I stood on the outskirts of the crowd for the entire show knowing I wanted absolutely nothing to do [with] the mass of 15 to 20-year-old boys pushing each other around, but the minute the closing band struck its first chord, I was shoved right into the middle. I immediately tried to look for a way out but was completely surrounded, and no matter how much I pushed, I couldn’t move. I was getting punched, kicked, and pummeled until I eventually fell down, and all I could see was a wave of dust and sneakers kicking and stepping on me. I couldn’t get up, and I couldn’t breathe. I choked on dirt and started sobbing until one man, probably someone’s dad, heard me screaming for help. He reached underneath the crowd and threw me over his shoulder. As he was pulling me away, I heard one voice cut through the music: “That’s why you don’t bring your little girl to shows.” I was 15.
I liked this little essay about being a girl at punk shows. It got me thinking back on my first time in a mosh pit (of not too many). It was at my Temple, at the annual Gefiltefest. Some local punk band was playing and kids got rambunctious. I was just enjoying the music but I got shoved into the vortex. I was around fifteen too. It was kind of fun at first but then I fell down and my glasses fell off. One of those naïve “is this the end?” moments. Almost immediately someone pulled me up, shoved my glasses into my hands, and pushed me out of the circle. There definitely weren’t any girls in there.
Another time, in college, I went to Montreal with some friends to see the band Thrice. This was during their Alchemy Index tour, which is when I first started listening to them. My friend Sung loved them, I think because he was an asian guitarist and Thrice’s lead guitarist is asian, and he’s pretty great. Sung had a friend in college in Montreal whose place we could stay at, and so we left our bags there, went and bought some of those extra-large bottles of canadian beer, wandered around a little, and went to the show. Say Anything was opening for Thrice, and were playing when we got there. The venue was way bigger than I’d anticipated. Less the grubby little rooms I was used to, more of a huge, multi-layered club. You could work your way up close to the stage if you want, and mosh around, or get a drink and watch from the mezzanine. We went right to the floor and got separated right away.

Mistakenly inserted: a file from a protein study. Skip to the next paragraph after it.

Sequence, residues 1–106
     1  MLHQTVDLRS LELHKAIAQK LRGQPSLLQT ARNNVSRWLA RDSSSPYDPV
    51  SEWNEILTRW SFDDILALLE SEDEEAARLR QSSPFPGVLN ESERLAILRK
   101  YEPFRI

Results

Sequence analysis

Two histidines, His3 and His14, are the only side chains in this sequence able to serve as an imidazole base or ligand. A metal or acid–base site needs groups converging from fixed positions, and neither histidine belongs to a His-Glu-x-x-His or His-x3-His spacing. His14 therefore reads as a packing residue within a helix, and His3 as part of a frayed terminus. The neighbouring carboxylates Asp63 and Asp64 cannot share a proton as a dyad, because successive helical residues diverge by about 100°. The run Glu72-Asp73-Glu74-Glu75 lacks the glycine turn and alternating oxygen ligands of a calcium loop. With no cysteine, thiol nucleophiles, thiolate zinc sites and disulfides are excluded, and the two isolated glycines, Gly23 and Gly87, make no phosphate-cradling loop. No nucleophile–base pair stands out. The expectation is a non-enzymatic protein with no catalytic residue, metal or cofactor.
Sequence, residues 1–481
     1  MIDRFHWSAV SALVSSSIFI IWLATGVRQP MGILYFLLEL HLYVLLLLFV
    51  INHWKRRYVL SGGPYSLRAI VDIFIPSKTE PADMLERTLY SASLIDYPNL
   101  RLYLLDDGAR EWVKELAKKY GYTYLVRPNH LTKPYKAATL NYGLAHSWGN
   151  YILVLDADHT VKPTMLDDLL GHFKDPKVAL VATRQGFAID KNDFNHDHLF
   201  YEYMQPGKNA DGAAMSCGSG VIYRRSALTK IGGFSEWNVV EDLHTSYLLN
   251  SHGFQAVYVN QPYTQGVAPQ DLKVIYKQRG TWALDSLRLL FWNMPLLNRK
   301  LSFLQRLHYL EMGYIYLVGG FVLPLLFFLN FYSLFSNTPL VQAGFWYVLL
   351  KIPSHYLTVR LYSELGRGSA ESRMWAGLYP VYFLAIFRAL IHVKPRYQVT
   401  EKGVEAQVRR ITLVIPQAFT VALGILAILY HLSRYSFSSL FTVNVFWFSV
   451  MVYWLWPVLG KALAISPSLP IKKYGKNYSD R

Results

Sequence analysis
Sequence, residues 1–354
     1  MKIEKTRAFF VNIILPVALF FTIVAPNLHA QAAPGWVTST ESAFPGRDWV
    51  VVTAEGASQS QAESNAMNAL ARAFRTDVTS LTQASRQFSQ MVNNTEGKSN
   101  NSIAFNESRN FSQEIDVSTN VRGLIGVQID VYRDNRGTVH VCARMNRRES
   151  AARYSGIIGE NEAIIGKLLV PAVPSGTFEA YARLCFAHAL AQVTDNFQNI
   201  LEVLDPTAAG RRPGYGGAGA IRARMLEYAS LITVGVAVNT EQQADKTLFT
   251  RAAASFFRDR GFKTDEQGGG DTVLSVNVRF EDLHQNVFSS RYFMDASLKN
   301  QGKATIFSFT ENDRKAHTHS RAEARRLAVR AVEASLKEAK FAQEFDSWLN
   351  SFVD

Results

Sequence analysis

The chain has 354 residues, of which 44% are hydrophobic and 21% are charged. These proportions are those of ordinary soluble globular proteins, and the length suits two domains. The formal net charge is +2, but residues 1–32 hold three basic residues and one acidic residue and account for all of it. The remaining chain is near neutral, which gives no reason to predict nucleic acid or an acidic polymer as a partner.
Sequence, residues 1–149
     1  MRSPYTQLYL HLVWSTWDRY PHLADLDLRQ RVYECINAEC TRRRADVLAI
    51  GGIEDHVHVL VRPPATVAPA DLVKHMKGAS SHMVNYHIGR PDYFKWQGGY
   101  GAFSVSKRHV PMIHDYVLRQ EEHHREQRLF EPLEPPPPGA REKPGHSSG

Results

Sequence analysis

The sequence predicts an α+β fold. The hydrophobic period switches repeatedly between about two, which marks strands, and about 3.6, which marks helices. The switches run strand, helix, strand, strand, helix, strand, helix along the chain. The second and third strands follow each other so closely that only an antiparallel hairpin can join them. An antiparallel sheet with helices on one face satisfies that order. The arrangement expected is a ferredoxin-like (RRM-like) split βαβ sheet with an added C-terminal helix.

Say Anything didn’t sound so great so I went for a walk, to the bathroom, then the bar. There were a lot of French seeming girls there, not so many up front on the floor. Maybe they didn’t feel safe there. I don’t know. I didn’t, really, but that was kind of the fun of it.
By the time Thrice came on, things were getting to be kind of a blur. I didn’t know where my friends were. The plan was to find them later. I was never a massive Thrice fan, but one thing I really like is how they’ve progressed from a hardcore band in their early outings to a slightly more experimental rock and roll group. So I was a little surprised by how heavy the show was once it started, and how immediately the mosh pit congealed and dwarfed Say Anything’s. I was drawn in, willingly. The energy is hard to resist. I didn’t brave the thrashy center but I got shoved around a little, and shoved people around a little. And then my shoe fell off and disappeared into the crashing waves of converse all stars.
So now I’m kind of drunk and in a faraway land, and I’m hopping on one foot and everyone is shoving everyone and really loud music is playing and I’m not sure where my friends are. The adrenaline I’d been looking for? Found it.
Suddenly I see my shoe. Someone’s holding it above their head like a trophy, less than ten feet away, but a shifting mass of dozens of sweaty canadians between us. I start forcing my way through, on one foot, and reaching out, but the guy tosses it across the floor, like one might with a beach ball at a concert your parents would take you to. The crowd tossed it a couple more times before I managed to intercept it and pull it back on, at which point I receded to the edges where all you’re doing is helping people not fall down and being the one who picks up other people’s glasses and enjoying the music and catching your breath.
While writing this I listened to Ms. Loveland’s band Candy Hearts’ album Ripped Up Jeans and Silly Dreams which you can download for free there. It’s kind of nice. Hits that sweet spot between plaintive got-no-friends-but-my-guitar and us-against-the-world propulsion when the drums kick in. Not sure if that means much of anything, but I’m no music critic.